Investors still chasing Calgary office assets

The renewed appeal of commercial real estate investment which took hold in Calgary in mid-2016 has continued through the first six months of 2018, according to a new report by Barclay Street Real Estate.

Image: Barclay Street report shows continued rise in CRE investments in Calgary.

A new Barclay Street report shows CRE investment volumes continue to rise in Calgary. (Google Maps image)

The company, in its mid-year analysis, reports a 23 per cent year-over-year increase in dollar volume at the end of June, with total sales of assets worth more than $1 million jumping to $1.26 billion.

The charge was led by the office market, which represented 27 per cent of investment across all asset classes. Investment increased 16 per cent year-over-year in the office market to $340 million.

The number of sales in the first half of the year dropped to 17 from 18 for the same period a year ago.

Kelly Carver, vice-president and associate broker at Barclay Street, said the increase in investment has been a long time coming.

“The key to that is that there’s just been a lack of product that met the bid number,” Carver told RENX. “We’ve had multiple people from all across North America looking at our market because of the huge devaluation in values.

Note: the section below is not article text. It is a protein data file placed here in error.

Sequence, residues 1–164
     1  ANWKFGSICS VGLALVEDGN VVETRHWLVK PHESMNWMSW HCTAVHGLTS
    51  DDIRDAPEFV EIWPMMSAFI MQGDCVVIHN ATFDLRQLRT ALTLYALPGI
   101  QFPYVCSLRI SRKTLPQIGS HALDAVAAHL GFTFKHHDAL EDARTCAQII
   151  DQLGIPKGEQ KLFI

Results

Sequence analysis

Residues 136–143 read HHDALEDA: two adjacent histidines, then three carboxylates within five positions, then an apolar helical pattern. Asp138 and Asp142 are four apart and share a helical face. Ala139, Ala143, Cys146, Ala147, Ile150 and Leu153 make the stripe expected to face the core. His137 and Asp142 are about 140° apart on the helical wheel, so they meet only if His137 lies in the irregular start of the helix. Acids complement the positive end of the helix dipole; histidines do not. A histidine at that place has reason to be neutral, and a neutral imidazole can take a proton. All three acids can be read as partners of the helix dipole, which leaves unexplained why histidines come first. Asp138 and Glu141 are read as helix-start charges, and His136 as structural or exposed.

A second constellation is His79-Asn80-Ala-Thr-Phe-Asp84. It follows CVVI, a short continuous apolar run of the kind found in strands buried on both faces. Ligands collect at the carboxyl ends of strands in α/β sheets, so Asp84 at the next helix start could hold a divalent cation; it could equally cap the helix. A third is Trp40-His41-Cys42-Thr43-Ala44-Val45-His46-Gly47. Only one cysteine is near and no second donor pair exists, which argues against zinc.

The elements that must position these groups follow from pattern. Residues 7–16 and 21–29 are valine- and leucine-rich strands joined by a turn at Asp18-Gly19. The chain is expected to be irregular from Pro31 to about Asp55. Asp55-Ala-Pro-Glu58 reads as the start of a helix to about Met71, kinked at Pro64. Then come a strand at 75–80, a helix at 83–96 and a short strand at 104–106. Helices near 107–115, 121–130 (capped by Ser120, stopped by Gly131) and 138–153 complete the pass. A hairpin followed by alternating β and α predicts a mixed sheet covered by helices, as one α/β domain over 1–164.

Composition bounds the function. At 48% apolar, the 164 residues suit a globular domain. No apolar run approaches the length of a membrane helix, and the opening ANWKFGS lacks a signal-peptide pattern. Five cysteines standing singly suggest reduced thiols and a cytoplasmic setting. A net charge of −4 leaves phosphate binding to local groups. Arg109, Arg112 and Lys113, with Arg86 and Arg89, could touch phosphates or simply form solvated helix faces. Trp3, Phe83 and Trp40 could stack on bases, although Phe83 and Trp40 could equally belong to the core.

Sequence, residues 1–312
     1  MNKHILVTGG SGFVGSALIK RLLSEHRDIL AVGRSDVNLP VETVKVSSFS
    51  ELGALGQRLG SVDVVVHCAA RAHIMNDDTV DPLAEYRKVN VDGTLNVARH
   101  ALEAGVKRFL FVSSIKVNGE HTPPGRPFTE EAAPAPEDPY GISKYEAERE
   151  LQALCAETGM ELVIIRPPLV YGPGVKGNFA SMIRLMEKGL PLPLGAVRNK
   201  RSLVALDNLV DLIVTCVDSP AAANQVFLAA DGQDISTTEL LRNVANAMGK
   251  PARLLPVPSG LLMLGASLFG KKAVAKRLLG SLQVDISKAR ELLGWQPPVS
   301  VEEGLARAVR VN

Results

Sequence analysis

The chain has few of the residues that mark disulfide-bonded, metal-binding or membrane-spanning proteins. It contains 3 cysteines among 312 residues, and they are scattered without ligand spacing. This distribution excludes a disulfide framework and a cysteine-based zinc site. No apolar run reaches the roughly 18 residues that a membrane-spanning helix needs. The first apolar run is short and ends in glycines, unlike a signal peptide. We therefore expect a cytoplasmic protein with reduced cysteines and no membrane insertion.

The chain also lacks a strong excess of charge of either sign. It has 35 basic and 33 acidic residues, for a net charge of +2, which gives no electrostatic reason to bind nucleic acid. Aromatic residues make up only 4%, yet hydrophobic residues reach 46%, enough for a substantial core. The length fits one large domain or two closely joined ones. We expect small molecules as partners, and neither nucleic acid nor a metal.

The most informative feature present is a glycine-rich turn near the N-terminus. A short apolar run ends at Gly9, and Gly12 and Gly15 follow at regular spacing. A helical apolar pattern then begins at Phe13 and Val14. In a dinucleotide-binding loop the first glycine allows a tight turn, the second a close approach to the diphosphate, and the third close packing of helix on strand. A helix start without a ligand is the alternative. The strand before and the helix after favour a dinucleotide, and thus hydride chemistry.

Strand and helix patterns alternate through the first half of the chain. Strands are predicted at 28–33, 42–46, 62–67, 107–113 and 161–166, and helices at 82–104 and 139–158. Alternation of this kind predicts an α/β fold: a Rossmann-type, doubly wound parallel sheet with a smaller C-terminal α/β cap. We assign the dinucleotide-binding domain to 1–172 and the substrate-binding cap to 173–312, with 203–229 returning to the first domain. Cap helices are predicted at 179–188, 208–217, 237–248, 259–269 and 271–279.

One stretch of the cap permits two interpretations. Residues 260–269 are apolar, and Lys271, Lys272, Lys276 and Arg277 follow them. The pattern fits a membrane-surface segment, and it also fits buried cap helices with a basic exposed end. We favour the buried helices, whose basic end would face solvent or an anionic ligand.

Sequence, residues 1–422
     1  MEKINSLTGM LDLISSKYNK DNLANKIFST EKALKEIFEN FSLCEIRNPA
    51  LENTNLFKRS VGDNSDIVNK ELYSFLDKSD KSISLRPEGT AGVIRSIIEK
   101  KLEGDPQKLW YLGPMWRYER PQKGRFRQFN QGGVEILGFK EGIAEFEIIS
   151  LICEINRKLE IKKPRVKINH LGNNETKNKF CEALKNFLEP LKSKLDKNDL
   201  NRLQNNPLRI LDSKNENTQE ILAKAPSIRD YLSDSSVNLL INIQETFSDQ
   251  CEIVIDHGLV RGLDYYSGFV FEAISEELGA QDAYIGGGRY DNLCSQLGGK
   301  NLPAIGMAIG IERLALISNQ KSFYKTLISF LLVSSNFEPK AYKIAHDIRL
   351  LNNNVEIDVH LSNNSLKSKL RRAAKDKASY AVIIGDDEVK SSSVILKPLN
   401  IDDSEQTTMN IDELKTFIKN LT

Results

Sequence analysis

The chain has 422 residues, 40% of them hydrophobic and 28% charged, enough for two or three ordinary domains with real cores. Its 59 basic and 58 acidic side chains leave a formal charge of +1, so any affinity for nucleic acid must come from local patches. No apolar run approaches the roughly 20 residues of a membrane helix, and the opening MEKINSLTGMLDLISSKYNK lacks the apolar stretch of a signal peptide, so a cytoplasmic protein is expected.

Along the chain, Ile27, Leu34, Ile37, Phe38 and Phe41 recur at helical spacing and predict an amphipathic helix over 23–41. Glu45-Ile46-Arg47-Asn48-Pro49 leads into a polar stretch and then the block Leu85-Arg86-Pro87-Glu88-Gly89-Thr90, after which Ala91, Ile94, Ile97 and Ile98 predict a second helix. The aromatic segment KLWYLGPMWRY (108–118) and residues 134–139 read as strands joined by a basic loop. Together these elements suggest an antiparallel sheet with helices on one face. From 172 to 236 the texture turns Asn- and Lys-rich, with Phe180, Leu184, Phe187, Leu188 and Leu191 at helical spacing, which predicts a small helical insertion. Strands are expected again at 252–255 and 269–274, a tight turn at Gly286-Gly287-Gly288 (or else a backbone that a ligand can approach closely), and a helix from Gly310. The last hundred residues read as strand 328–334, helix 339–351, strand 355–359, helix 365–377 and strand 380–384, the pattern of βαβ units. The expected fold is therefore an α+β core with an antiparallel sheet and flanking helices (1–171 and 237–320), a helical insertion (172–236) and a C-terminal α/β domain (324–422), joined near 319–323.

“I guess what’s happened in the last little while . . . finally there’s been some product that has met that bid and it’s significantly lower than what expectations were a while ago.

Calgary office a “long-term viewpoint”

“So you’ve got long-term thinkers of this market and opportunistic buyers. And there’s a lot more that are sniffing around right now looking at it, because if you can buy office product at $100 to $150 a (square) foot that was trading at $300 to $400 a foot a few years ago, it just looks like a good deal.

“But it’s got to be a long-term viewpoint. There’s been a lack of product. It’s taken a long time to shake loose some of the product.”

For example, he said F1rst Tower sold in May for $147 a square foot ($107 million) to U.S. firms Hines and Oaktree Capital Management. The 27-storey class-B building, comprising 708,354 square feet of leasable space in downtown Calgary, had been assessed at $233 million, Carver said.

“Companies that own office properties that they want to sell may need to write down the values to justify selling. The prices these properties are selling at are more than half of what they purchased them at,” Carver explained. “With the bottoming of the market, buyers are prepared to underwrite at current rents and look for upside in the medium to long term.

“However most office product in Calgary is owned by pension funds and they will not sell with the current market indicators. They typically have well-leased, long-term tenants.”

The Barclay Street report says the share of investment sales for other asset classes in the first half of 2018 were:

– 23 per cent for industrial;
– 17 per cent for residential land;
– 15 per cent for ICI land;
– 14 per cent for retail;
– and four per cent for multi-residential.

“There’s a lot more demand than supply in Calgary, which is a good thing,” said Carver.